## The Annals of Mathematical Statistics

- Ann. Math. Statist.
- Volume 34, Number 3 (1963), 973-983.

### Rank Tests of Dispersion

#### Abstract

In a recent paper [1] Ansari and Bradley have shown the equivalence of two rank tests for comparing dispersion, one test due to Barton and David [2], the other to Ansari and Freund, and have provided tables of the exact distribution. They observe that Siegel and Tukey have proposed [11] a similar test which permits use of existing tables. They also exhibit the mean of the limiting normal distribution under the alternative hypothesis. Later Klotz [7] established the equivalence of all these tests. In the present paper it is shown that (1) Any of these tests is consistent against differences in dispersion if the two distributions have a common median and differ in a scale parameter, and under some less restrictive circumstances. But without such restrictions bizarre asymptotic behavior can arise--including good sensitivity against translation for some non-symmetric densities. One (not very natural) example is offered in which the test constructed for rejection if one of two scale parameters is the larger, actually turns out to be consistent against that parameter's being the smaller of the two. (2) No rank test (i.e., a test invariant under strictly increasing transformation of the scale) can hope to be a satisfactory test against dispersion alternatives without some sort of strong restrictions (e.g., equal or known medians) being placed on the class of admissible distribution pairs. (3) Box [3] has proposed testing equality of variances by applying the $t$ test to the logarithms of variances computed within small subgroups. He indicates how such tests should be robust (though not of exact size). Distribution free tests of exact size can be constructed by applying a rank test in place of the $t$ test. Wilcoxon's test applied to variances-within-triads has asymptotic efficiency .5 against normal alternatives. If the two samples each have 9 observations then the exact power is readily calculated and "efficiency" is again about .5.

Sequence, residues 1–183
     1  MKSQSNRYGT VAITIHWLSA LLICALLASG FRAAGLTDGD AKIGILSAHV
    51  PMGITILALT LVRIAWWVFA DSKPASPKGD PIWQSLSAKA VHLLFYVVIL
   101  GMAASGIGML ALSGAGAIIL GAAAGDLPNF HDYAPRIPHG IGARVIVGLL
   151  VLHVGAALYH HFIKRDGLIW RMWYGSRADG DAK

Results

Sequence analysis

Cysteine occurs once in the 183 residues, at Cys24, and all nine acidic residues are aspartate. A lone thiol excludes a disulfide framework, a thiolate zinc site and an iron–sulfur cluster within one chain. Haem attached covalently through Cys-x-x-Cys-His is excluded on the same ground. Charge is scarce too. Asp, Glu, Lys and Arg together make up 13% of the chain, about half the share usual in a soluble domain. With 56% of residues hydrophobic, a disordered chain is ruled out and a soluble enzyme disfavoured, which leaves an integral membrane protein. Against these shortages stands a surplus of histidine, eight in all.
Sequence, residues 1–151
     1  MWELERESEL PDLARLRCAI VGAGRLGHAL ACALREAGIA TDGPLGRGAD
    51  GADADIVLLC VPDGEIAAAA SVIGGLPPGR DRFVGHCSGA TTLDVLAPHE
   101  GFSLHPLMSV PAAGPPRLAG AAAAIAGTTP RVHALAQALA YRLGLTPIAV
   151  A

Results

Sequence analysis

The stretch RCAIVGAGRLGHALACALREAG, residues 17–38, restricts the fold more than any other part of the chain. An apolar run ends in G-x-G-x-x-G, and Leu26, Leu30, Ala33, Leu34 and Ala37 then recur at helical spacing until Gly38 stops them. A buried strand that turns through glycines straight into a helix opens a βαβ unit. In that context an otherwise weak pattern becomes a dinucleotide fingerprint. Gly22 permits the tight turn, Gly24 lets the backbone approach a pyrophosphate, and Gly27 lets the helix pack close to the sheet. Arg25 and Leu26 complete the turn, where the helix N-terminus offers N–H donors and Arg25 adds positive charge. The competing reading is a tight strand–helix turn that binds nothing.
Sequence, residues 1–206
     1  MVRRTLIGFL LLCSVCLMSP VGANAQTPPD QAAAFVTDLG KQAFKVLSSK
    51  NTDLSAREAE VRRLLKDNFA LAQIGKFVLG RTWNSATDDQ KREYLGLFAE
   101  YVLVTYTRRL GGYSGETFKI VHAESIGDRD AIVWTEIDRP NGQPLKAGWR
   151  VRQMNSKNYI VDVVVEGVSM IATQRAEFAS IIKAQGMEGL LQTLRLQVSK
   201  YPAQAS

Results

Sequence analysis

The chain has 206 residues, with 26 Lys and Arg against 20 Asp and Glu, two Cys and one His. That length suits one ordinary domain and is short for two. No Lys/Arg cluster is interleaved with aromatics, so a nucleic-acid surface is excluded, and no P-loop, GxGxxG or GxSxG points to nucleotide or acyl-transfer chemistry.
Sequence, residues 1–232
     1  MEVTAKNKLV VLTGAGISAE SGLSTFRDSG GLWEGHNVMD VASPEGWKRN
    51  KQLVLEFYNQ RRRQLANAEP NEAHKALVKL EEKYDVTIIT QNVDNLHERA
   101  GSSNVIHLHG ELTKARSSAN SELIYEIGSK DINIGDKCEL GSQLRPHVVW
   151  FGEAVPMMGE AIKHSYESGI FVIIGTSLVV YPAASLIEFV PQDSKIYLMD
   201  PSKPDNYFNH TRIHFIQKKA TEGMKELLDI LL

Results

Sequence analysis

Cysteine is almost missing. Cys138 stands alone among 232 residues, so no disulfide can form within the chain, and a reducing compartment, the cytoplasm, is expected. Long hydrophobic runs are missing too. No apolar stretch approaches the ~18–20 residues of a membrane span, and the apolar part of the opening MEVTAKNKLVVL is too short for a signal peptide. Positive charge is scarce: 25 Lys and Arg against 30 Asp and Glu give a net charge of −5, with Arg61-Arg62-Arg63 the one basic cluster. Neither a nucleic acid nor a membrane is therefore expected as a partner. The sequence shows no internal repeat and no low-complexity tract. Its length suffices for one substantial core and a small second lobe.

#### Article information

**Source**

Ann. Math. Statist. Volume 34, Number 3 (1963), 973-983.

**Dates**

First available in Project Euclid: 27 April 2007

**Permanent link to this document**

http://projecteuclid.org/euclid.aoms/1177704020

**Digital Object Identifier**

doi:10.1214/aoms/1177704020

**Mathematical Reviews number (MathSciNet)**

MR154370

**Zentralblatt MATH identifier**

0203.21104

**JSTOR**

links.jstor.org

#### Citation

Moses, Lincoln E. Rank Tests of Dispersion. Ann. Math. Statist. 34 (1963), no. 3, 973--983. doi:10.1214/aoms/1177704020. http://projecteuclid.org/euclid.aoms/1177704020.